Abstract bachelor project FBT 2018-19: BATRACHOCHYTRIUM DENDROBATIDIS ON THE 'WILD ALPINE NEWTS'
Batrachochytrium dendrobatidis is a major pathogen of frogs worldwide, associated with declines in amphibian populations. The skin disease caused by this fungus is named chytridiomycosis and affects the vital function of amphibian skin. Not all amphibians respond equally to infection and host responses might range from resistant, over tolerant to susceptible. The clinical outcome of infection is highly dependent on the amphibian host, the fungal virulence and environmental determinants. B. dendrobatidis infects the skin of a large range of anurans, urodeles and caecilians. The aim of this study is to identify the impact of B. dendrobatidis infections in wild alpine newts . Data for this study were obtained from alpine newts that were trapped in fikes. This screening was done at different time points and consisted of a sampling, DNA extraction, preparation for the final qPCR and the qPCR. The results show that there’s only 1 % of the samples positive for B. dendrobatidis. This reveals that the prevalence of the fungus is very low in East Flanders. For the future, there must be keeping an eye on the B. dendrobatidis for further dispersion.
Abstract bachelor project FBT 2016-17: Optimization of PCR with specific primers for SNP detection in fire salamanders
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Samenvatting eindwerk 2014-2015: Screening on lethal chytridiomycosis through quantitative PCR on wild living amphibians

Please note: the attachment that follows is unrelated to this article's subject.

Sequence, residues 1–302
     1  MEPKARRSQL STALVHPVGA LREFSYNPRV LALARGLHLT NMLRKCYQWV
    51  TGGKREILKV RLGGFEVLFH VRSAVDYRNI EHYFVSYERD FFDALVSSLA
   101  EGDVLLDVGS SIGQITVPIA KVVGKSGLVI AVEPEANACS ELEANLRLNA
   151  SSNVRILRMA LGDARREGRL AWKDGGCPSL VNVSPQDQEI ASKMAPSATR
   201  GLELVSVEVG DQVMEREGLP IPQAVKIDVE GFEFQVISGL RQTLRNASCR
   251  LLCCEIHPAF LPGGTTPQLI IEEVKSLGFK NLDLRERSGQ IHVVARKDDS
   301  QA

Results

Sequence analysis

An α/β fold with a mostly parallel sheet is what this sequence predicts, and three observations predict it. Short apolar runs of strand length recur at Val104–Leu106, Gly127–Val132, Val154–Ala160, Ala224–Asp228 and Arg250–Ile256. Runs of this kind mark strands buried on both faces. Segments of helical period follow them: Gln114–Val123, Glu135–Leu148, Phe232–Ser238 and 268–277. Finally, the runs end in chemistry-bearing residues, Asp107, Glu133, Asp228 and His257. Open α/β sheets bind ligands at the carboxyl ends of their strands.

Chytridiomycosis is an infection caused by two different fungi, Batrachochytrium dendrobatidis (Bd) or Batrachochytrium salamandrivorans (Bs). Both fungal species infect amphibians. Bs is more isolated and characterized from salamanders and Bd from frogs / toads.
About ten years ago Bd was isolated for the first time from frog skin and described. This fungus causes epidermal hyperplasia and hyperkeratosis of the amphibian skin. In 2012, another related species was discovered, the salamander-infecting fungus Bs. This fungus causes especially deep skin ulcers.
Both fungi interfere with the physiological functioning of the amphibian skin, whereby they eventually cause in most cases, death of the amphibian. The fast and easy spread of these fungi lately induces a large number of infections. There is also observing a huge decline and even extinction of some amphibian populations. Therefore chytridiomycose is one of the greatest threats to biodiversity.
Nowadays, it is important to screen as many as possible amphibians both living and dead, of the presence of these fungi. Thanks to this kind of screening more information can be discovered about the lethal chytridiomycosis. Such screenings are done through quantitative PCR. At this point, it can’t be avoided that these fungi cause extinction of some wild amphibian populations.
This screening consisted of a sampling, DNA extraction, preparation for the final qPCR and the qPCR. The different screenings were performed according to different sampling methods and DNA extractions.
First, 28 wild yellow-bellied toads were found during different periods screened on the Bd fungus. This has shown that there was only one toad positive. However, it was in fact a small dose, and it was not certain whether the toad was recently infected or whether it was already in a recovery phase. The toad wasn’t found later, there is no certainty that this animal has survived the infection. The next screenings were performed on amphibians that were found in the wild death. These screenings are especially important to quickly detect an infection outbreak. Both dead newt and several ordinary toads were screened. None of these animals had chytridiomycose as cause of death.
These screenings could clarify why and how a chytridiomycosis outbreak takes place specifically on these locations. Also changes in infection status from some animals can be checked. Because of this, a solution to this problem could eventually be found on a long-term perspective.
Prof. Ann Martel